Feature

Tips for selling security

Selling security tools has always been seen as a stable business, with demand remaining fairly constant as customers try to protect themselves from the ever-evolving cyber threats that lie in wait for them on the internet or hidden in attachments and downloads.

But in a world where the threats have become more complex, everyone has become a target - not just enterprises - and staff want to be more flexible than ever before, working out what to pitch is a challenge.

There are many options for resellers to choose from when developing a comprehensive and advanced security pitch, and some of the solutions chime in with megatrends such as bring your own device (BYOD), making it a very good time to be striking up a conversation about security.

Securing consumer IT

BYOD is considered a good starting point, because there is currently real momentum in the market as more customers embrace IT consumerisation and allow staff to use their own mobile devices for business.

Keith Ricketts, marketing director at Becrypt, says the new megatrends such as virtualisation, cloud and mobility, including BYOD, are providing the perfect opportunity for resellers to open up new conversations with their clients about security.

"In each case, it is often the end point that is the most vulnerable point, and therefore represents the greatest risk of loss or compromise of data, and so needs protection. There are many good security solutions available that address the needs of different industries or markets," he says.

"The good news for resellers is that customers want choice, not just one flavour. If I could compare the security market to wine, I don't ever see a day where the market will only demand California reds. The products to be pitching, therefore, are those that meet the client's needs," adds Ricketts.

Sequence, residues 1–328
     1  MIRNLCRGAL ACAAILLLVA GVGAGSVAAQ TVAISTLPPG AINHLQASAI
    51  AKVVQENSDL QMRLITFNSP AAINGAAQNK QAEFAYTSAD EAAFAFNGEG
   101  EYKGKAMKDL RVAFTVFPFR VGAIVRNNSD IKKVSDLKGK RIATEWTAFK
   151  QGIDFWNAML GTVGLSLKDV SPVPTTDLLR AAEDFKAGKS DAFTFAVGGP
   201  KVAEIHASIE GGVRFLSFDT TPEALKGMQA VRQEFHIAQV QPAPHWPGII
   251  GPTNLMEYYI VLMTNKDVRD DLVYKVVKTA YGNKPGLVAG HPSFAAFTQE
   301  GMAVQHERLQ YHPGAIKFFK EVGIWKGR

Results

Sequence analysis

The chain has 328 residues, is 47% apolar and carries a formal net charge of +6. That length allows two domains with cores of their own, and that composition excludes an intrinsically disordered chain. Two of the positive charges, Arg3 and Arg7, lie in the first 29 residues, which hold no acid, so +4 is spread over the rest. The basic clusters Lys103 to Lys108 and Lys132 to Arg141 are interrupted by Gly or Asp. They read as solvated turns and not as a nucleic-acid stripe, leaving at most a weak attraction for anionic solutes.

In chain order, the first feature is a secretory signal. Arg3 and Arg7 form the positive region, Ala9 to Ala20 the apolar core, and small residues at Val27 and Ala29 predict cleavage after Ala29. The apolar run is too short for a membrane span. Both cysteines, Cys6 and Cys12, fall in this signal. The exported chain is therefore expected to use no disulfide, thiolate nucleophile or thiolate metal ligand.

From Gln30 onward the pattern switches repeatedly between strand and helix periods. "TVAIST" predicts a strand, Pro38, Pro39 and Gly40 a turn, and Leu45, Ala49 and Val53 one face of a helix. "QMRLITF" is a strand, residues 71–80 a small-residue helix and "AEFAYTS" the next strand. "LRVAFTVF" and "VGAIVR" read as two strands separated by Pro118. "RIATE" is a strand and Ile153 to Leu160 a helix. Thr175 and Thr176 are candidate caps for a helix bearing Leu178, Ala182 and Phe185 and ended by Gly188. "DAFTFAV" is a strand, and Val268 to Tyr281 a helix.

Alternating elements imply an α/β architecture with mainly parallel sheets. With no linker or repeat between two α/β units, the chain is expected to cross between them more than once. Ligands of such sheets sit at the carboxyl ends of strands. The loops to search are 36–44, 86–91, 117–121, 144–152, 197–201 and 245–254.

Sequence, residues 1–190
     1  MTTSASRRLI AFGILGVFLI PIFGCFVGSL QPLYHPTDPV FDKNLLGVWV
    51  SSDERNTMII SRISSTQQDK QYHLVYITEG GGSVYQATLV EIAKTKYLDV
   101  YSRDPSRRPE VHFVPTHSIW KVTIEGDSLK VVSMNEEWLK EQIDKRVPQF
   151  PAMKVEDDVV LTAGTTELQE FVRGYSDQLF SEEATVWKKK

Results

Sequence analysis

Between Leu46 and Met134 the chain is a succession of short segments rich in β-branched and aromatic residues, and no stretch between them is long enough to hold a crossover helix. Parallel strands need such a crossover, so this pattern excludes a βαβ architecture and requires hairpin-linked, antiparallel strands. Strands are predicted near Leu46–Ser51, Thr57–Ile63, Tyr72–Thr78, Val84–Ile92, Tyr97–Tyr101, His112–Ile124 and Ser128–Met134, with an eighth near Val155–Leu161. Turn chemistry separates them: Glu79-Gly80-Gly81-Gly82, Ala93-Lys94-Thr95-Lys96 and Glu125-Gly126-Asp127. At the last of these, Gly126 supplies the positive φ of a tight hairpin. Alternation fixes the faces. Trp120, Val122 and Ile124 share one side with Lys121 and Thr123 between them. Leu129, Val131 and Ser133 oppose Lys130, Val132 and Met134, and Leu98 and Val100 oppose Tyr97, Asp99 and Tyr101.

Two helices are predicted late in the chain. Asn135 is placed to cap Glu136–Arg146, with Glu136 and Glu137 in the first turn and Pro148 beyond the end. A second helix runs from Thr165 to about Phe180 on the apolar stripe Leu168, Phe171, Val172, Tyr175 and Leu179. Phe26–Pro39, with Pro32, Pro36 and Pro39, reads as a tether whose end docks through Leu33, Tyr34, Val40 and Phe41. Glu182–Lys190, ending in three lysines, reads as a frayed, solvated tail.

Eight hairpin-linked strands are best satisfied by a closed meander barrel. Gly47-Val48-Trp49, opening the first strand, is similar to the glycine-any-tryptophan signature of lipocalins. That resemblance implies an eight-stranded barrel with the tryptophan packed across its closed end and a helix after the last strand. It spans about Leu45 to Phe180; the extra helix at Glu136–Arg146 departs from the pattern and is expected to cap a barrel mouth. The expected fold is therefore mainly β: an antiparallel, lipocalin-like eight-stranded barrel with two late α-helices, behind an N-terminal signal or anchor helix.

"While selecting the right product to meet your customer's requirements is important, key to any robust security solution is the way in which products are deployed. Therefore, as well as supplying the security products, resellers should also look to provide specialist consultancy advice and guidance to their customers in implementing security procedures for staff to ensure that they meet requirements and remain fit for purpose," he advises.

Raise awareness of risks

In any BYOD, cloud or virtualisation security pitch, resellers need to start by spelling out just how exposed the customer is to threats. The days when it was just the large banks that had to worry about hackers are long gone.

Selling security: six places to start

Ian Kilpatrick, chairman of Wick Hill Group, details six areas that resellers could start with in selling security.

"Business size doesn't matter - all companies have something which could attract hackers or competitors and which could be lost through a security breach, be it company data or research and development," says Florian Malecki, head of product marketing EMEA at Dell SonicWALL.

"Resellers should remind potential customers of the financial repercussions of data breaches, or loss of services and customer details. They should pitch security as a business enabler," adds Malecki.

"With the rise in BYOD, mobility is shifting from an expense to empowering the business. Effective security enables staff to work remotely and more effectively, thereby increasing productivity. Furthermore, with the rise in social media use in the corporate environment, an effective firewall is necessary. To keep up with competition, businesses need to embrace this consumerisation of IT," says Malecki.

Securing the infrastructure

But before resellers even get to talking about BYOD, it is important to make sure that the existing infrastructure is sound. "As threats evolve to become more agile and complex, it is critical to have the correct security infrastructure in place to detect abnormalities in standard services such as web and email," says Andy Aplin, CTO at Accumuli.